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Estimating Liquidity Costs in Agricultural Futures Markets using Bayesian Methods

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  • Frank, Julieta
  • Garcia, Philip

Abstract

Estimation of liquidity costs in futures markets is challenging because bid-ask spreads are usually not observed. Several estimators of liquidity costs exist that use transaction data, but there is little agreement on their relative accuracy and usefulness, and their performance has been questioned. We use a Bayesian method proposed by Hasbrouck which possesses conceptually desirable properties to estimate liquidity costs of six agricultural future contracts. The method builds on Roll's model and uses Markov Chain Monte Carlo estimation. Our Bayesian estimates are lower than more traditional estimates and as anticipated decrease even more when more realistic assumptions such as discreteness are incorporated. The findings demonstrate the need for further research to clarify the usefulness and accuracy of the procedure.

Suggested Citation

  • Frank, Julieta & Garcia, Philip, 2006. "Estimating Liquidity Costs in Agricultural Futures Markets using Bayesian Methods," 2006 Annual meeting, July 23-26, Long Beach, CA 21331, American Agricultural Economics Association (New Name 2008: Agricultural and Applied Economics Association).
  • Handle: RePEc:ags:aaea06:21331
    DOI: 10.22004/ag.econ.21331
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    File URL: http://ageconsearch.umn.edu/record/21331/files/sp06fr01.pdf
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    References listed on IDEAS

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    1. Thompson, S. & Waller, M.L., 1988. "Determinants Of Liquidity Costs In Commodity Furures Markets," Papers 172, Columbia - Center for Futures Markets.
    2. Thompson, Sarahelen R. & Eales, James S. & Seibold, David, 1993. "Comparison Of Liquidity Costs Between The Kansas City And Chicago Wheat Futures Contracts," Journal of Agricultural and Resource Economics, Western Agricultural Economics Association, vol. 18(2), pages 1-13, December.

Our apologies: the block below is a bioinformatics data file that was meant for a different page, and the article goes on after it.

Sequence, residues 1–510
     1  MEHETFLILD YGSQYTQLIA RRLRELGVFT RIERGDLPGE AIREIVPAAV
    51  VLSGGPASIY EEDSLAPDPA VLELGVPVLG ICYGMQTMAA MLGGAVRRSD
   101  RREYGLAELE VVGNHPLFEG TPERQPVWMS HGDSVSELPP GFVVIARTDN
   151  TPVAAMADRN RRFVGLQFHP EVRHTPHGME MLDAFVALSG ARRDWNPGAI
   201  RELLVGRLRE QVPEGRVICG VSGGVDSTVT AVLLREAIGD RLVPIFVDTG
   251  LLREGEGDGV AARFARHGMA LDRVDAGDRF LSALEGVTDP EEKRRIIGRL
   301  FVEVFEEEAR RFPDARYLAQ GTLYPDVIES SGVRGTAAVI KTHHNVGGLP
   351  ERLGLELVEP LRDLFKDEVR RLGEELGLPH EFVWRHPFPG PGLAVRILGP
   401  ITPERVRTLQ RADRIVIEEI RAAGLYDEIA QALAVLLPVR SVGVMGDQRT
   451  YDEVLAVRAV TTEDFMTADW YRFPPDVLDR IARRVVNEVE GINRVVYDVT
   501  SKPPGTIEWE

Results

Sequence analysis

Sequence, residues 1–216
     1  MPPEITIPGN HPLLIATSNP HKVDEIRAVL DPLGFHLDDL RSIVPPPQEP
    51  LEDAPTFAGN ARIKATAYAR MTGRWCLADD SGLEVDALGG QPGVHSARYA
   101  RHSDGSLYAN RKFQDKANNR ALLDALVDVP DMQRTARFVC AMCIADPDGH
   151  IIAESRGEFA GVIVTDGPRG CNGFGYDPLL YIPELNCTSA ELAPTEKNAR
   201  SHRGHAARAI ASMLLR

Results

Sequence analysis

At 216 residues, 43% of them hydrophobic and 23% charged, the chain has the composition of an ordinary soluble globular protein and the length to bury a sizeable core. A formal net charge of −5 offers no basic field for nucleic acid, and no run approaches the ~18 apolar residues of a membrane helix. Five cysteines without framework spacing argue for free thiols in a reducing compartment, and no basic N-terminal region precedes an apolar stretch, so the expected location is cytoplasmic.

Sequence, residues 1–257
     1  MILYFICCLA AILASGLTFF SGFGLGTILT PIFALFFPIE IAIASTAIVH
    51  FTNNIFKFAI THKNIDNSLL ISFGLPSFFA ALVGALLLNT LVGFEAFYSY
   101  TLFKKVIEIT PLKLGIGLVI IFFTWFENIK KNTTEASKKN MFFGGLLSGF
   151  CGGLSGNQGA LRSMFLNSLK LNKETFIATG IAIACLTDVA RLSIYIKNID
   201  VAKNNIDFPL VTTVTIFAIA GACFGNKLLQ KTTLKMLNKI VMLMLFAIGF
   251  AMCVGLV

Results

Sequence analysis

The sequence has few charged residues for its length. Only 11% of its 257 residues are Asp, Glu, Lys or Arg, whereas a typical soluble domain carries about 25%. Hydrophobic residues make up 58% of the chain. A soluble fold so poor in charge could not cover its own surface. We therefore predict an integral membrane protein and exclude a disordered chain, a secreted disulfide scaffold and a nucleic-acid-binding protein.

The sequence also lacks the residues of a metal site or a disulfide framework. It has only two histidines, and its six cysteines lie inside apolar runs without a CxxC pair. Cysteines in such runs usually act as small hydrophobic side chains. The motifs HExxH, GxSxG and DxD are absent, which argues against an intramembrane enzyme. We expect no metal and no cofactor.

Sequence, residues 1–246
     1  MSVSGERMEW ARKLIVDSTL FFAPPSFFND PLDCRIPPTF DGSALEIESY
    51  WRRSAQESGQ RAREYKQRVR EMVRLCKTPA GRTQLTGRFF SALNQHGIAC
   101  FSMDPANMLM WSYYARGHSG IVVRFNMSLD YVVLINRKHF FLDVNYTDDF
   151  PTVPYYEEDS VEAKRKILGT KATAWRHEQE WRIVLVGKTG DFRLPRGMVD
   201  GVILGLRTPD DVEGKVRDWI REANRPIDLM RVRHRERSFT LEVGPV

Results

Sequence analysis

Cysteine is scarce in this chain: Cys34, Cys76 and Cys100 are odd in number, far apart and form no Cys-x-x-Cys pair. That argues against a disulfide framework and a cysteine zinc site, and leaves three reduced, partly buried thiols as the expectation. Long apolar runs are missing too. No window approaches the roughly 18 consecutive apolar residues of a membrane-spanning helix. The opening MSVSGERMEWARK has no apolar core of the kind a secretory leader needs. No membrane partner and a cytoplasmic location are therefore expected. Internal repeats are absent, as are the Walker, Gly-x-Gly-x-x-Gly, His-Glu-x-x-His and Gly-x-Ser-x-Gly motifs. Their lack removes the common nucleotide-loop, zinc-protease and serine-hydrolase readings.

3. Ferguson, Michael F & Mann, Steven C, 2001. "Execution Costs and Their Intraday Variation in Futures Markets," The Journal of Business, University of Chicago Press, vol. 74(1), pages 125-160, January.
    4. Thompson, Sarahelen R. & Waller, Mark L., 1987. "The Execution Cost of Trading in Commodity Futures Markets," Food Research Institute Studies, Stanford University, Food Research Institute, vol. 20(2), pages 1-24.
    5. George H. K. Wang & Jot Yau & Tony Baptiste, 1997. "Trading volume and transaction costs in futures markets," Journal of Futures Markets, John Wiley & Sons, Ltd., vol. 17(7), pages 757-780, October.
    6. Lee, Charles M C & Ready, Mark J, 1991. "Inferring Trade Direction from Intraday Data," Journal of Finance, American Finance Association, vol. 46(2), pages 733-746, June.
    7. B. Wade Brorsen & Darren W. Buck & Stephen R. Koontz, 1998. "Hedging hard red winter wheat: Kansas City versus Chicago," Journal of Futures Markets, John Wiley & Sons, Ltd., vol. 18(4), pages 449-466, June.
    8. Choi, J. Y. & Salandro, Dan & Shastri, Kuldeep, 1988. "On the Estimation of Bid-Ask Spreads: Theory and Evidence," Journal of Financial and Quantitative Analysis, Cambridge University Press, vol. 23(2), pages 219-230, June.
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    1. Frank, Julieta & Garcia, Philip, 2008. "Market Depth in Lean Hog and Live Cattle Futures Markets," 2008 Conference, April 21-22, 2008, St. Louis, Missouri 37613, NCCC-134 Conference on Applied Commodity Price Analysis, Forecasting, and Market Risk Management.

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